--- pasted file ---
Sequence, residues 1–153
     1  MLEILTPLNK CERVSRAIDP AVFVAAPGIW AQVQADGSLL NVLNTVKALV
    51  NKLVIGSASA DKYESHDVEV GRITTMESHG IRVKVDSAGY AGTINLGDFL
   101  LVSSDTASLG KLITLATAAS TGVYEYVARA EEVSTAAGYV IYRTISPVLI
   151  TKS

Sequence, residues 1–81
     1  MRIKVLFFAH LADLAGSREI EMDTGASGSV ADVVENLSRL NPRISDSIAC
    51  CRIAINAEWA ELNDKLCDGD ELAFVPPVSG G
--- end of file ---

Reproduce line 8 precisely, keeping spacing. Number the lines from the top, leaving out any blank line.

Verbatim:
    51  CRIAINAEWA ELNDKLCDGD ELAFVPPVSG G